Mayoral candidates outline plans for city

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Three Democratic mayoral candidates and one representative of the fourth candidate stopped by Temple Sholom in Floral Park to win the support of the Eleanor Roosevelt Democratic Club and the Jefferson Democratic Club Thursday night.

Public Advocate Mark Green, city Comptroller Alan Hevesi, City Council Speaker Peter Vallone (D-Astoria) and Corey Bearak, who was standing in for Bronx Borough President Fernando Ferrer, outlined their plans for the city to more than 50 people. At the candidates night, each man gave a 15- to 20-minute presentation on who they were and what they have done for New York City.

Even though their faces, their titles and the path each took to reach the point where they could compete for the keys to Gracie Mansion differed, their messages were the same.

Each highlighted the need for improvements in the city’s educational system, the necessity to make sure crime continues its downward slide and why they were the right person to fight for the rights and needs of the city’s residents.

The crowd of local residents seemed receptive to each of the speakers but did not give any hint as to whom they would pledge their support.

Vallone, who was the first to speak to the crowd, told them he was the best person for the job and should get their support. He said of the four candidates he was the only one with any experience governing the city.

He stressed his record on public safety and the Safe Streets, Safe City program he created in 1991 to address the city’s rising crime rate. He said he favors the neighborhood beat cop over the mayor’s system under which the police were taken out of the communities.

The mayor moved police officers into special units like the Street Crimes Unit and Tracer Units, which do not patrol neighborhoods.

“The city was not safe,” he said. “I came up with a plan and pledged 12.5 percent of our personal income tax to rebuild the political justice system. Mayor Giuliani, who gets credit for this, was not here.”

Ferrer, who did not show up at the event due to a previous engagement, had his legal counsel stand in for him. Bearak said his boss was the best man for the job because he knows how the city runs.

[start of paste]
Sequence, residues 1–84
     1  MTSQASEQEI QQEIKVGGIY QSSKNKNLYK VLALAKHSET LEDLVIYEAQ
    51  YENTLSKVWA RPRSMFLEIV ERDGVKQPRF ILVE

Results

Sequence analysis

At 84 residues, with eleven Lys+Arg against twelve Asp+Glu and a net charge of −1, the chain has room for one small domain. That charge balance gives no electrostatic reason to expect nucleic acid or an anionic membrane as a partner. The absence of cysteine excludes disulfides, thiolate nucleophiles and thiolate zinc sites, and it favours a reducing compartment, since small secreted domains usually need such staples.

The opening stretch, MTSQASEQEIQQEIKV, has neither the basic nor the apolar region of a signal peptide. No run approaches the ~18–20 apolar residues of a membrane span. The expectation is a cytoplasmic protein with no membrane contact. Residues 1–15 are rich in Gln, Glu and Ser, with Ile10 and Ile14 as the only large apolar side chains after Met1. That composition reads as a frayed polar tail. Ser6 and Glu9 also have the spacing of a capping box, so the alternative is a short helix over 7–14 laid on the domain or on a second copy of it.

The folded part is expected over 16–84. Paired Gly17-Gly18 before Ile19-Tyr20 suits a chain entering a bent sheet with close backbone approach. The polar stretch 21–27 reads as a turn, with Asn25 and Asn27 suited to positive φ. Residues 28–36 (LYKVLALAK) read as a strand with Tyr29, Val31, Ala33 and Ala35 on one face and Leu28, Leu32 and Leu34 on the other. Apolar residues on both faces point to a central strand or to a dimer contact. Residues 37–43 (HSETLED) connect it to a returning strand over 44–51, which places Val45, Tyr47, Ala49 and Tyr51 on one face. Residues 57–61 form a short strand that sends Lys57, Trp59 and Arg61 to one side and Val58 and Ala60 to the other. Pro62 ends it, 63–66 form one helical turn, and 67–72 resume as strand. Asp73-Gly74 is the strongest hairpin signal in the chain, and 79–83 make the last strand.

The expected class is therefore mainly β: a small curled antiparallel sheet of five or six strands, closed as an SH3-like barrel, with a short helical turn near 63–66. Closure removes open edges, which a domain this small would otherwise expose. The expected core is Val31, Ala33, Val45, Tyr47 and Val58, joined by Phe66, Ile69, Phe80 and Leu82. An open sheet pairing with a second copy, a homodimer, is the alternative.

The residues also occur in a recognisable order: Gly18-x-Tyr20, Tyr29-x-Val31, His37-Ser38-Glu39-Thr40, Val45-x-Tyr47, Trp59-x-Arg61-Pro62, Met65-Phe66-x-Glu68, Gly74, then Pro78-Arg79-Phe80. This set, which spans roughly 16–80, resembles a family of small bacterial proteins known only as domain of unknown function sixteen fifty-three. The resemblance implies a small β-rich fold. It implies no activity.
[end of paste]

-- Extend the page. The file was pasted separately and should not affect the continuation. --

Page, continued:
He cited Ferrer’s plans for improving the city’s educational system by implementing a teacher professional development plan and making teachers more accountable.

In terms of bettering the Police Department’s relations with city’s residents, he said, “we need the police and community to trust each other.”

Unlike Vallone, Green said each of the Democratic candidates for mayor had the qualifications to lead the five boroughs. But, he said, experience is not the only thing the mayor needs. He has to have “courage and vision for a better city,” Green said.

He said the next mayor needs to have the courage to “stick his neck out” for what is best for New York City’s citizens. He cited a suit he brought against Giuliani in an attempt to force him to release information on overly abusive police officers as proof he would fight for the city.

The city needs to implement more neighborhood policing and add more cops on the beat, he said. “We don’t need the us vs. them mentality,” Green told the two clubs’ members.

Hevesi, the last of the four candidates, spoke to what remained of the group since he was delayed getting to Floral Park due to a sitdown at another political club where he was trying to drum up support for his campaign.

Stressing the need to reform the public school system, Hevesi spoke of his plan to reduce class size to 20 children per class, which hearkened back to Green, who offered up the same plan.

And like his two rivals and Bearak who spoke before him, Hevesi said “we need to repair the damage between the minority population of the city and the police department.”

Reach reporter Adam Kramer by e-mail at or call 229-0300, Ext. 157.

Posted 7:06 pm, October 10, 2011
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